Searching the unsearchable.
But that got me thinking …
As long as you can reach Google, you can still search my site. In fact, you can search any site that is searchable.
It’s a handy trick to know.
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Use the “site:” operator in a Google search query to search the contents of any site, whether or not it has a search box of its own.
In addition to just searching for whatever words you throw into Google’s search box, there are a number of special instructions you can include. They’re called “search operators”.
Google has a handy list.
You probably know some already. Things like the quote operator, using “OR”, or perhaps the “cache:” operator and the like.
The one we care about here, however, is the “site:” operator.
Using “site:” to search a site
“site:” causes Google to restrict its search results to pages from the site you specify. For example, searching for “site:askleo.com word” will return results only from askleo.com1.
In other words, it’s a way to search a specific site, whether or not that site has a search function of its own.
In the case of Ask Leo!, my search function is implemented using Google search, so the results from using “site:” versus using the search box at the top of the page should be relatively similar.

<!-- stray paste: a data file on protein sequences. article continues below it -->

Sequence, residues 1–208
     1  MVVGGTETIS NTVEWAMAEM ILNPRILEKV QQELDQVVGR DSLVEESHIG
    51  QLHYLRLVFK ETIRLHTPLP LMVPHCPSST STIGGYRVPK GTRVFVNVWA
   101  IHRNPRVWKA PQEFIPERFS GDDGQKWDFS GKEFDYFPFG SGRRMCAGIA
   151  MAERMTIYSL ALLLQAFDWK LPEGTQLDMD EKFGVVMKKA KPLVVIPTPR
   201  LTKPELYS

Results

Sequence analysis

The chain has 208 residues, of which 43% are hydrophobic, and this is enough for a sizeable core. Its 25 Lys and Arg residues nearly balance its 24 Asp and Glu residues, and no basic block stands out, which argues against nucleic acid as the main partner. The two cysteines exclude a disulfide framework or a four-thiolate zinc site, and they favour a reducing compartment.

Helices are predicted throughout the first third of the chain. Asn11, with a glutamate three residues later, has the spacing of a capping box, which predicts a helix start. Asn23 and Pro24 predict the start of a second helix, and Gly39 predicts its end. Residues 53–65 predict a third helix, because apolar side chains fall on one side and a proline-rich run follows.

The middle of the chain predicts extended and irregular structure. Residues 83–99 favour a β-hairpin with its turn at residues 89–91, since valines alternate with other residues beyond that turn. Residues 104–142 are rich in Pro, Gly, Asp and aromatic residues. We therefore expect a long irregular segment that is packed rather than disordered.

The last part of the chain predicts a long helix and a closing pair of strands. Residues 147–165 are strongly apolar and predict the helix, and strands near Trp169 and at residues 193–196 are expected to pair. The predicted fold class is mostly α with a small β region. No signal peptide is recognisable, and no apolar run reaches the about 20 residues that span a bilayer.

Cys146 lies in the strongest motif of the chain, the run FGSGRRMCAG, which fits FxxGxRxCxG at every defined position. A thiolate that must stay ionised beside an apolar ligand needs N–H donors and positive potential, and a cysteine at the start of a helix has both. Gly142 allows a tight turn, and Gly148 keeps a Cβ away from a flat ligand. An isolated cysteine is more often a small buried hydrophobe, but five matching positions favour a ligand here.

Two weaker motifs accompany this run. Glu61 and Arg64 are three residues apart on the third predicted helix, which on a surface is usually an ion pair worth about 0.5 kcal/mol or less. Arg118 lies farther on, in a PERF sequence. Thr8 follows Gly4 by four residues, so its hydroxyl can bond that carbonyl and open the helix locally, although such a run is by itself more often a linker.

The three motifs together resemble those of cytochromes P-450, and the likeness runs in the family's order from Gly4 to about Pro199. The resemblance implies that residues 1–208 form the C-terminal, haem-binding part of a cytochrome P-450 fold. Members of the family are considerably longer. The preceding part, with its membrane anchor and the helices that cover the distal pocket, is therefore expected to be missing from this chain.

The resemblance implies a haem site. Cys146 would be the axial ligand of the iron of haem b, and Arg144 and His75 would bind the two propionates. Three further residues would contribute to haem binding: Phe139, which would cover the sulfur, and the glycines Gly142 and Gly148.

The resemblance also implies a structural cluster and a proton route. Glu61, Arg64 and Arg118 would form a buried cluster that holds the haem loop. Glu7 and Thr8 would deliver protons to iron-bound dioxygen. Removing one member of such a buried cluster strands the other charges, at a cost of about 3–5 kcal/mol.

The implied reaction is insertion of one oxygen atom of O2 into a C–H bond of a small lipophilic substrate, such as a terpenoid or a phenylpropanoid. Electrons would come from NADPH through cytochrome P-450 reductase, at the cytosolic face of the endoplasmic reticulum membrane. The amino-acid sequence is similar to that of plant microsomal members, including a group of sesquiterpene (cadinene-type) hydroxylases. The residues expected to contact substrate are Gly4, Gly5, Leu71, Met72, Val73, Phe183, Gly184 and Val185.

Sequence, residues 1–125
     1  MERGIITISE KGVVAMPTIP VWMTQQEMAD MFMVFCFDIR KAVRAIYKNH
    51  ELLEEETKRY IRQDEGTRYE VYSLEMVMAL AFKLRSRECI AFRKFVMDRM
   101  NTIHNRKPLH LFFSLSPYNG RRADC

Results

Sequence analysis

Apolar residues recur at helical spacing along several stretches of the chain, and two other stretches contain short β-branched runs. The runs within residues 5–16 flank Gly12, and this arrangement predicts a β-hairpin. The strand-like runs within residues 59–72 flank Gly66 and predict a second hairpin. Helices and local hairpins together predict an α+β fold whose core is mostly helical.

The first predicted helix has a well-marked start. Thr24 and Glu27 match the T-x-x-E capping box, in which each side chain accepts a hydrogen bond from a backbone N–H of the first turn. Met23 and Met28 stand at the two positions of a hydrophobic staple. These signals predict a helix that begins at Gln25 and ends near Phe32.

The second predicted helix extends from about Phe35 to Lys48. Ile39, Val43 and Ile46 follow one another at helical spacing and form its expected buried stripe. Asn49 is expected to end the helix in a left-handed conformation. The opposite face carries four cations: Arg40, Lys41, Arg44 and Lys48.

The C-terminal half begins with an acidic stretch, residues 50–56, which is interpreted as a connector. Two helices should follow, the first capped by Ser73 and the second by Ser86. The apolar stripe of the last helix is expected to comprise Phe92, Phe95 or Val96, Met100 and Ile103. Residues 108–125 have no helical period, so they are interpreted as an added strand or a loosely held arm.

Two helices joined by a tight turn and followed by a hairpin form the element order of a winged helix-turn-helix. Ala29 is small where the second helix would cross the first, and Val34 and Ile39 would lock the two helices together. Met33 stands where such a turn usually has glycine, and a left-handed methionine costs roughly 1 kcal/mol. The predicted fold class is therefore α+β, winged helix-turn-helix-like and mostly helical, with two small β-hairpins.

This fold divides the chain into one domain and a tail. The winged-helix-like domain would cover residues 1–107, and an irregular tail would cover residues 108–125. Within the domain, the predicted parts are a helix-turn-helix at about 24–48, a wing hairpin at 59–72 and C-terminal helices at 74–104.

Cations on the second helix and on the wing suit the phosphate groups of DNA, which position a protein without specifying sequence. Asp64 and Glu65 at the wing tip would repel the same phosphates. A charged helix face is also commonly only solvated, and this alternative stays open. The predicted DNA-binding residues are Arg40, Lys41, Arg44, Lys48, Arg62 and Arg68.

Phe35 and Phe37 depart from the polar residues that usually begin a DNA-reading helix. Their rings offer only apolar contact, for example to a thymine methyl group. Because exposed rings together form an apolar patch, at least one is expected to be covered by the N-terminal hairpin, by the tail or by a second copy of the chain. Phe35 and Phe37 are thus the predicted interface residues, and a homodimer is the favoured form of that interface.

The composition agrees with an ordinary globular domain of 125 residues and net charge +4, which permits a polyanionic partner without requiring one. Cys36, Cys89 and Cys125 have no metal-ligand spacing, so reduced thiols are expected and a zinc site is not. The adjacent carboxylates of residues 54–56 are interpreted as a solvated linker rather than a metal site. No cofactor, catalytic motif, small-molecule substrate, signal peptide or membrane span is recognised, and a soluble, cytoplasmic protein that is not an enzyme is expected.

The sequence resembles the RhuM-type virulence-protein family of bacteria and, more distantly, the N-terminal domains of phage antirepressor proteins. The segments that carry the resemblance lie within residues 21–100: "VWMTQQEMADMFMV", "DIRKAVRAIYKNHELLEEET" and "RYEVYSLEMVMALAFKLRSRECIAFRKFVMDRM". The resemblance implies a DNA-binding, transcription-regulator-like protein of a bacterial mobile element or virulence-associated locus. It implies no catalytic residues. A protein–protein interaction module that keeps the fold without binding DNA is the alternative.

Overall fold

What I’ve found, however, is that even when a site has a search function of its own, using Google often gets me better results, or at least presents a different view on those results.
The one exception to all this is if a site has told Google it does not want to be included in Google search results at all. In those cases, the “site:” operator on Google search won’t help. You can try other search engines, like Bing, which also have the “site:” operator, but typically, if a site has specifically told Google to ignore it, it’ll have told all the major search engines the same thing.
Another interesting use of “site:”
“Site:” is actually a pretty interesting tool to find out if a site has been indexed by Google at all.
Just search for nothing, using the site: operator.
If there are results, then the site is in the Google index. If there’s nothing, it’s not. This can happen for new sites that are waiting for Google to discover them and get indexed.
By the way, the actual number shouldn’t be taken as accurate. It’s an approximation at best and can be off by quite a bit, particularly for large sites.
Footnotes & References
1: Turns out that subdomains are considered part of “the site”, so searching site:askleo.com will also return results from newsletter.askleo.com and similar. The reverse is not true, so searching site:newsletter.askleo.com will search only newsletter.askleo.com.